Just for Fun

By Danish Cartoonist Herluf Bidstrup

The #1 Job of a Portrait Painter

There is a real art to taking a good photographic reference for a portrait.

Costume, props, pose and a few (surprising to some) rules will help turn the ordinary into the extraordinary.

There are nearly 200 pages of copyright free photographic reference material in Old Master Portraits, Volume I 

Here's a little peek at a few... 
(sorry they are so darn small).

OLD MASTER PORTRAITS, VOLUME I, Photographic Reference for Artists

Copyright Free Photographic Reference For Artists ~ now on iBooks 

I use these photos to make sketches ~ to study lighting and work out interesting shadow patterns for paintings.

As in this drawing above (from photo in Volume I, page 19), I usually draw on toned paper since I paint on a toned canvas. This is cheap brown typewriter paper I found in a stationery store. Oftentimes I draw on brown wrapping paper as I like the tooth and the tone.

If I were drawing to figure out a likeness, I'd use a larger paper (this is only 7" high).

This is the first half of a beautiful collection of rare vintage photographic portraits of stage actors that were originally published in 1911. 

As as body of work, they offer some stunning and insightful lessons to enable us to recreate the nearly lost art of classical portraiture. 

These old-time photographers knew how to use a camera’s lens - like the Old Master painters used a brush. 

They could turn an ordinary person into an extraordinarily beautiful picture. 

The introduction to this collections, points out what to look for, what they knew, and how they accomplished these masterful portraits. 

I'll repeat some of this as a separate post for those of you who cannot access iBooks.

 Copy them. Study the lighting and the pose. Examine the costumes, props and settings. Understand why these photos are so good and let them inspire your work.

And yes, there are photos of men too... but because of the costumes, they just aren't as "interesting."

This book is way to big for this blog... nearly 300 pages of delicious Old Portraits.  Thus I am offering my iBook as a way to reach more artists because I have found good reference material very useful.

The technology just isn't there for devices other than the iPad with iBooks 3 or later and iOS 5.1 or later, or a Mac with iBooks 1.0 or later and OS X 10.9 or later.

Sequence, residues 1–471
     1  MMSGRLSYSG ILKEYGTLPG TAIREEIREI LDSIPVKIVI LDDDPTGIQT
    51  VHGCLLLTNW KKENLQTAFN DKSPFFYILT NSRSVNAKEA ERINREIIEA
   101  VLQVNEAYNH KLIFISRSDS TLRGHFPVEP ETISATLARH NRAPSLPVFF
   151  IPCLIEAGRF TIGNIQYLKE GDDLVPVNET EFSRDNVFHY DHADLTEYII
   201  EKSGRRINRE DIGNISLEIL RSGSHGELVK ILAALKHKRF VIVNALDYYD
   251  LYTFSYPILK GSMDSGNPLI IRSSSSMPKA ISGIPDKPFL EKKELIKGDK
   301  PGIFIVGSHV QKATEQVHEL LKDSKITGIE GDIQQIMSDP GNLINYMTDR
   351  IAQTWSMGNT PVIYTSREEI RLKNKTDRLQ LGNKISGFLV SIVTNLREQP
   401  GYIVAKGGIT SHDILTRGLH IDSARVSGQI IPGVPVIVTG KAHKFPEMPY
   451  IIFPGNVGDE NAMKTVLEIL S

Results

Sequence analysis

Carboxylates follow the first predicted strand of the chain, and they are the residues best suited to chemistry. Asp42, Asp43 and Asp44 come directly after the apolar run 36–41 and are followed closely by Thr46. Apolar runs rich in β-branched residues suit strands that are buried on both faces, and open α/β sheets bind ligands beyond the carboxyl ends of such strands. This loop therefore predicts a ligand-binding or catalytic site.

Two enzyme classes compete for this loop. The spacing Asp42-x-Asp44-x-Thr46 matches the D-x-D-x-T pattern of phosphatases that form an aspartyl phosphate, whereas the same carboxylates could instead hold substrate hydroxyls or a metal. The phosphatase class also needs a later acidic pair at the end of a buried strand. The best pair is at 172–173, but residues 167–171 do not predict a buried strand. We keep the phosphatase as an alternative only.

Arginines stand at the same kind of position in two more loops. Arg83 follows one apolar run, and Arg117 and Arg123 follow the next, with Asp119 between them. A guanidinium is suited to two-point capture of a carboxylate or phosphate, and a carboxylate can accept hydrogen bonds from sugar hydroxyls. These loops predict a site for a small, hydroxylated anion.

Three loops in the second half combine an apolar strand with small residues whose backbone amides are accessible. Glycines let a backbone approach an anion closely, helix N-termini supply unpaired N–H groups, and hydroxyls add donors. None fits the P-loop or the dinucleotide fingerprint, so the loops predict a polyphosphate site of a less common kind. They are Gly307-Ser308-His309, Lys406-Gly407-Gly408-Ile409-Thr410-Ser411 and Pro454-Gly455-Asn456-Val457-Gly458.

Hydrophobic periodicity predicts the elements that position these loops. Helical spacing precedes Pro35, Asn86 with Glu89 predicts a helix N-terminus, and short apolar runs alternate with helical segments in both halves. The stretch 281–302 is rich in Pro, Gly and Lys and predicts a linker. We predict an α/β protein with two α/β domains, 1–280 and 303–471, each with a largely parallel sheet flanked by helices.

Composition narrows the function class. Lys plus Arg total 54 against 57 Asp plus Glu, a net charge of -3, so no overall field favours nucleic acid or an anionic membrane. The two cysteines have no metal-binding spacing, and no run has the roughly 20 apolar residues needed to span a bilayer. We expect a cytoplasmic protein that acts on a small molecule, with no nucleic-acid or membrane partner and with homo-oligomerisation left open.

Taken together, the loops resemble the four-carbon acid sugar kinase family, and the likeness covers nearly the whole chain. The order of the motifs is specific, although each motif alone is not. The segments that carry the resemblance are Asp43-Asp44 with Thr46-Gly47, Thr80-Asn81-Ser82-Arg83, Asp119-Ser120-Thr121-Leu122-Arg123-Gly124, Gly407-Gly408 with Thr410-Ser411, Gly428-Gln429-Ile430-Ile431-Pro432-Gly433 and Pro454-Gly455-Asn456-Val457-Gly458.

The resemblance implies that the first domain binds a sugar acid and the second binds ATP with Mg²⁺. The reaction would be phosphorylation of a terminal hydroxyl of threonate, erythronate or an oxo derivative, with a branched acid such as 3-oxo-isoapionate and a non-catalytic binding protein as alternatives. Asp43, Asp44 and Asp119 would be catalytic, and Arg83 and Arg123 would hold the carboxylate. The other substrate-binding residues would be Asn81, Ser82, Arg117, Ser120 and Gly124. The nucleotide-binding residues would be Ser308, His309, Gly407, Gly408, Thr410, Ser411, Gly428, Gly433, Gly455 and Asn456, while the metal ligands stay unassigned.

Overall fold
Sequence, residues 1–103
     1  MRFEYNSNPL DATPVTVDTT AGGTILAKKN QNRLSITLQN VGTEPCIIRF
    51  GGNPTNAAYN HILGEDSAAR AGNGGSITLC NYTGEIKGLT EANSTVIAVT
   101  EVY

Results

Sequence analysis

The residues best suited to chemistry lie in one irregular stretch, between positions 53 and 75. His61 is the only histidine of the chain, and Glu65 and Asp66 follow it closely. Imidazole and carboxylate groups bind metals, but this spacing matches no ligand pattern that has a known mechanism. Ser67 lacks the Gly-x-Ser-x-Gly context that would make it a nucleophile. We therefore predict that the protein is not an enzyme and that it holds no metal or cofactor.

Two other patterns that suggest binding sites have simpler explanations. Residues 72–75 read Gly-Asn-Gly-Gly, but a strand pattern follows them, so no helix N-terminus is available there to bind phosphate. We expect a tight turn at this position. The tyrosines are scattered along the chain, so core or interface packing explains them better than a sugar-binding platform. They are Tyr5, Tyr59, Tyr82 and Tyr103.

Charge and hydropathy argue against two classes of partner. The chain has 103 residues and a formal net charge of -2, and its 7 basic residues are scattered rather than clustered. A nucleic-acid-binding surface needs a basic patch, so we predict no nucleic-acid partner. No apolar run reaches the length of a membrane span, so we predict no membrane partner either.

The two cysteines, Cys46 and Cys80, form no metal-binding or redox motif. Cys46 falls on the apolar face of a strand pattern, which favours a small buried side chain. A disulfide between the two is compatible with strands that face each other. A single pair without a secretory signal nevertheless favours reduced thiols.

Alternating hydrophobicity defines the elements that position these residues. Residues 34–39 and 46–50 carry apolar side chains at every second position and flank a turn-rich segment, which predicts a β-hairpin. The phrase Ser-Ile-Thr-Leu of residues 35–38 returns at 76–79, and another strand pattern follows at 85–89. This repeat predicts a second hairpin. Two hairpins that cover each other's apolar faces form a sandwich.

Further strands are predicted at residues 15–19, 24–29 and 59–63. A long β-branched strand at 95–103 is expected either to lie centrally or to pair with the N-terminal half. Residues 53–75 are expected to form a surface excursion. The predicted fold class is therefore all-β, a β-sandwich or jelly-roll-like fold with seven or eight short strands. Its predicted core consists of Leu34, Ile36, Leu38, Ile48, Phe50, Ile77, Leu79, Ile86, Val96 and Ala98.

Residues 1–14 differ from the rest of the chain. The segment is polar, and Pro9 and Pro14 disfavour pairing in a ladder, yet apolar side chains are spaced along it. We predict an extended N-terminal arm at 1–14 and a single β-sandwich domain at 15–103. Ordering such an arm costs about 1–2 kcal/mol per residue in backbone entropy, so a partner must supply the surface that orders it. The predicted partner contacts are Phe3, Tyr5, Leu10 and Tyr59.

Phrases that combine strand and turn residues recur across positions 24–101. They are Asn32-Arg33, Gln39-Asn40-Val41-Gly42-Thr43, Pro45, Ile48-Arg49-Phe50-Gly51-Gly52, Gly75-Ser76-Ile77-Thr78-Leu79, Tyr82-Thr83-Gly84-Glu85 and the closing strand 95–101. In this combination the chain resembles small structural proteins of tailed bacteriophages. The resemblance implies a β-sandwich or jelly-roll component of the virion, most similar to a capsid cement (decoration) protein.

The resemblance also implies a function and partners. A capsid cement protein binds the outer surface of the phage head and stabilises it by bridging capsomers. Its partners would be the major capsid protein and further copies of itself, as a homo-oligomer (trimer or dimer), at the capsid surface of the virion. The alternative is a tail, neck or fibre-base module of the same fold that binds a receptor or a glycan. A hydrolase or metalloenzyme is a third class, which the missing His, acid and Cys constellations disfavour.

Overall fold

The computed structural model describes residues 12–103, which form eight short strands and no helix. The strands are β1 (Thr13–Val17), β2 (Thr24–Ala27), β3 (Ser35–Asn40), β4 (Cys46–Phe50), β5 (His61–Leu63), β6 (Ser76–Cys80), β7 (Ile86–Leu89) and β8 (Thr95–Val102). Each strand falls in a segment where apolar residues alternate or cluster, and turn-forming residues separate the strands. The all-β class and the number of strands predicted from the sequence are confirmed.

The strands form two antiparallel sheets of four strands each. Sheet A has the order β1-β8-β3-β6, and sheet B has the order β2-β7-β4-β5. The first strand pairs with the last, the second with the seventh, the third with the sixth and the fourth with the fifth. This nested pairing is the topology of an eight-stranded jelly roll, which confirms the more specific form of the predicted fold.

The cost of a print book would be astronomical and the iBook (although it is a lot of work on my end) can be owned for the price of a fancy greeing card ($4,99 USD).

All images are copyright free for artists to study and use.


The iPad is the Best Tool in my Studio

Painting from life is a luxury that many of us don't have. 

The backlit photograph is so much better than a printed photo to display photographic details of a subtle range of value. 

 I load my iPad with reference photos, clip it to my easel and I’m ready to paint. 

 Here's how to take a screen shot of any page ~ like this:

 First, make sure your screen is at its brightest setting. 

Press the POWER button at the top right of the iPad and the HOME button at the bottom of the screen at the same time for a second. You’ll see the screen flash white for an instant and you’ll hear the camera shutter sound. 

That’s it. Simple. 

Here is a screen shot I just took from my iBook, Old Master Portraits Volume I

Once you’ve done that, you can go to the Photos app and see your screenshot in the Camera Roll Album. From there you can use iCloud, email it to yourself and/or play with it on your computer if you wish. 

Here's another screen shot from my iBook:

On your iPad, you can enlarge or manipulate it with an app like InstaEditor, (one of many free photo apps available).

The iPad has a Kindle App for book reading...but if you want to view beautiful photos too, consider the iPad. 

The average Kindle reader (Kindle, Android, etc.) tends to display a poor quality photo in a mere 16 shades of gray (yuck).  I am sure that the technology will someday catch up to the current iPad.

I do believe that even Apple does not yet fully understand the possiilities of their iPad's use in the field of art. It really is the electronic gadget for those of us who are visual.